After a hard-fought Summer Games in which U.S. wrestler Tamyra Mensah-Stock won her first Olympic gold medal, being the best at what you do in the entire world provides the perfect opportunity to treat yourself to something nice. But instead of splurging on a new car or an exotic getaway with her $37,500 in prize money—which will be tax-free courtesy of the U.S. Olympic and Paralympic Committee since her gross income is under $1 million—the bubbly 28-year-old will pour her winnings into making her mother’s dreams come true.
In speaking with People, Mensah-Stock, who became the first Black woman to win Olympic wrestling gold for the United States while competing in Tokyo, revealed that her master plan is to purchase a food truck for her mother.
“She’s always doing back-breaking work,” she said. “I’ve just seen her struggling ever since my dad died and I don’t like seeing it.”
When she was still in high school, Mensah-Stock lost her father in a car accident while driving home from a wrestling meet.
“He would have been the loudest one here,” she said of her father after she became an Olympic champion. “He would have been so proud.”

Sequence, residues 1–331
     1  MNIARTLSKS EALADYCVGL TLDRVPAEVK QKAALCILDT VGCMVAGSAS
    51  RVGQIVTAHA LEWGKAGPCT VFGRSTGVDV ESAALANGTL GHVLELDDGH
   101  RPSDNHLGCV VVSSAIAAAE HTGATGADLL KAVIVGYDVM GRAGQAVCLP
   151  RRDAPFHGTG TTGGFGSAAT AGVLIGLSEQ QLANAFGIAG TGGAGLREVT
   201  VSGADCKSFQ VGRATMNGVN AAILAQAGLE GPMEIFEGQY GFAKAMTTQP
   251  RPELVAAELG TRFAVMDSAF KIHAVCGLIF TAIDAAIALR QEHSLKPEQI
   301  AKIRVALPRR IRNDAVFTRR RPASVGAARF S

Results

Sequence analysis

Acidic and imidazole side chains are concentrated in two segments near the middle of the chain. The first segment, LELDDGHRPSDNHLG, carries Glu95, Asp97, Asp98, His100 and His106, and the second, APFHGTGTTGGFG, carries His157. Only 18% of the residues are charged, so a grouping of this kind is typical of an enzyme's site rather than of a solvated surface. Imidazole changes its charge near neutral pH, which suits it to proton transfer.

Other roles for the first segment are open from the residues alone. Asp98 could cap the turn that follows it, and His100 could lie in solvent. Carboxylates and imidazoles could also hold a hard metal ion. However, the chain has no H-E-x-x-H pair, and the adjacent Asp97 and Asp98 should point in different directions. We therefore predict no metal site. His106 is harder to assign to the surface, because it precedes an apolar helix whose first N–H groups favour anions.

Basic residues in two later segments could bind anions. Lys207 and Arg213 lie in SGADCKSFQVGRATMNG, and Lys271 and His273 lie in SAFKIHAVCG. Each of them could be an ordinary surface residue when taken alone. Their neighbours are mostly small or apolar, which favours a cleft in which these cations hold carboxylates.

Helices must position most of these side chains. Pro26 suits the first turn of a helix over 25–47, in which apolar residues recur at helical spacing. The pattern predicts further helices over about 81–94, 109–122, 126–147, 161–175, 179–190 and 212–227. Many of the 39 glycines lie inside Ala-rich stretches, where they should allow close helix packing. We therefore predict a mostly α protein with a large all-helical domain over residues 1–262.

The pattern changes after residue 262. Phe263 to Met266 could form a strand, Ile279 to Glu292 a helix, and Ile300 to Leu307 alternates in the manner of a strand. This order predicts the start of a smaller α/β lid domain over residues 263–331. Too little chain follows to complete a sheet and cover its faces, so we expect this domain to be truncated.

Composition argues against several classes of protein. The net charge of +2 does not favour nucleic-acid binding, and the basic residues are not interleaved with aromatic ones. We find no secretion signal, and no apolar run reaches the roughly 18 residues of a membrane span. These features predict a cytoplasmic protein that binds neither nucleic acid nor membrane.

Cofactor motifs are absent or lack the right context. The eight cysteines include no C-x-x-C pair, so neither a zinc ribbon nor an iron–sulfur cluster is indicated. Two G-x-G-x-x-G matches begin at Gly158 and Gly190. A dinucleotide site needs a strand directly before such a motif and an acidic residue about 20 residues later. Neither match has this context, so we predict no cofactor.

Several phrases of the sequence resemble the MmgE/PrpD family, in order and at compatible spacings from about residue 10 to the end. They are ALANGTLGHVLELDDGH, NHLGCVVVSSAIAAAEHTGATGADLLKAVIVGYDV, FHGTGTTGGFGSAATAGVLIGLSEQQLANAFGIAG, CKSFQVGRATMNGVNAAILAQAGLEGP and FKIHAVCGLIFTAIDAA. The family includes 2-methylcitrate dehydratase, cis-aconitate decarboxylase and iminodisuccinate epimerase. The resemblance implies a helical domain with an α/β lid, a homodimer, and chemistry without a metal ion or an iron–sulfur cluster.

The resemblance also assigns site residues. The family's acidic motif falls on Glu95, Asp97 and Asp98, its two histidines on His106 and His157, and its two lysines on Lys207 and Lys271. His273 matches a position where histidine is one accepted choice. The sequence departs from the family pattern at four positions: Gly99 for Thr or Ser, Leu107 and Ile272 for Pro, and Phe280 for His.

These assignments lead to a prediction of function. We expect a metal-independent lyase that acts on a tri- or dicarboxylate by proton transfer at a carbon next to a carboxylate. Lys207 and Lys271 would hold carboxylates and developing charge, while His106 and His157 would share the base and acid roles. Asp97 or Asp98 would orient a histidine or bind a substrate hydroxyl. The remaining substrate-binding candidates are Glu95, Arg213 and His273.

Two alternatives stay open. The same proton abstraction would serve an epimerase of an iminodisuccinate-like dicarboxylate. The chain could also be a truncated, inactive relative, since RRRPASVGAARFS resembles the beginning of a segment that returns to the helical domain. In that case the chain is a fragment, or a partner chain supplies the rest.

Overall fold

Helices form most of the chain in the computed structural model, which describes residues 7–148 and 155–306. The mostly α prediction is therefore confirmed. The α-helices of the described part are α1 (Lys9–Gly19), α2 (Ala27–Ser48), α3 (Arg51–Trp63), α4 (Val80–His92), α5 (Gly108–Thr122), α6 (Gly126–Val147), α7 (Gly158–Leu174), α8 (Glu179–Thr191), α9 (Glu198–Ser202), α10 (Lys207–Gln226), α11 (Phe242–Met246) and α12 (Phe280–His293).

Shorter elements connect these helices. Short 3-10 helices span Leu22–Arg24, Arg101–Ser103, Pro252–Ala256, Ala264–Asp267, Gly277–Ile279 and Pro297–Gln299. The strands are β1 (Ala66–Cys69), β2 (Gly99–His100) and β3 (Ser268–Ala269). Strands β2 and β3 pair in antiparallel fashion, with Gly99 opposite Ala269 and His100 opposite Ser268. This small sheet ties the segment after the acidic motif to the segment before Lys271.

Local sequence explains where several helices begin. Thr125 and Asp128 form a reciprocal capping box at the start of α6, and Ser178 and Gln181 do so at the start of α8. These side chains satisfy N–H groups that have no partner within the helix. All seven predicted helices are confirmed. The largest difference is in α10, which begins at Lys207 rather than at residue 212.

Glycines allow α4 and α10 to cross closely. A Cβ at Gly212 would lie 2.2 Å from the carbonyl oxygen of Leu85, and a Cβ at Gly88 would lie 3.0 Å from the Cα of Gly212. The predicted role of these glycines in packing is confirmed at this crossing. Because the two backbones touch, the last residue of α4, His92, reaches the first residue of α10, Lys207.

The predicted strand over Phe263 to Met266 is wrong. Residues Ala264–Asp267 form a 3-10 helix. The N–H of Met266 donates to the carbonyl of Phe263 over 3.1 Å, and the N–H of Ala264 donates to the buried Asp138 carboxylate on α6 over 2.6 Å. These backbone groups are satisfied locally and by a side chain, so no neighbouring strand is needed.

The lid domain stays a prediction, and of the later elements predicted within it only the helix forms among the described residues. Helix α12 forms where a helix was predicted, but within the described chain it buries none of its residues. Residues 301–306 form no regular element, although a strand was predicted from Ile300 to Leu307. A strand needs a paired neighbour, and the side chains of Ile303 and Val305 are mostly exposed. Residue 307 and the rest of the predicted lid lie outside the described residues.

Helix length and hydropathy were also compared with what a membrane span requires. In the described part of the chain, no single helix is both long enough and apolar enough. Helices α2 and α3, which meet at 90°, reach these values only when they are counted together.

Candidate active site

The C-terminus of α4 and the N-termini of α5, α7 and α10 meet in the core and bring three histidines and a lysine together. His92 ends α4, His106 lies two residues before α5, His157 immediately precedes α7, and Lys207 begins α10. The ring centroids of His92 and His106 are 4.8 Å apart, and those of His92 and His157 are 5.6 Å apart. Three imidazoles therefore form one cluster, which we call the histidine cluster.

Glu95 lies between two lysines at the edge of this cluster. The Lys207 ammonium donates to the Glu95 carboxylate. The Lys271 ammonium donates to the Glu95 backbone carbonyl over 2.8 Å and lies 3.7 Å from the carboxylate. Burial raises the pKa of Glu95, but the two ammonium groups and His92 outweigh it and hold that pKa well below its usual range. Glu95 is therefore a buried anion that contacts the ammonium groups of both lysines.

In his absence, her mother has not only continued to provide the Wayland Baptist University alum with love and support throughout her Olympic journey, but she gave Mensah-Stock an extra dose of motivation to compete at the highest level.
“I made a promise to her and she loves cooking,” Mensah-Stock told People. “It’s just one of her passions. Growing up, we’d be like, ‘Ooh, mommy, you put your back into this food. Like you literally put your foot in it.’”
She also recounts telling her Mom five years ago, “‘So how about I buy you a food truck and you can be anywhere you want to be?’ [My mom] was ecstatic. She’s like, ‘Yes, I would love that.’”
In the interim, her mother has made do with a portable grill that Mensah-Stock admits “is not exactly the best legal method,” but thankfully that will no longer be a concern. With the purchase of The Lady Bug—yes, the food truck hasn’t even been purchased yet and already has a name—her mother will finally be able to cook and sell food to her heart’s content.
“It is going to be pleasant,” Mensah-Stock said. “It’s going to be legal. It’s going to be fun.”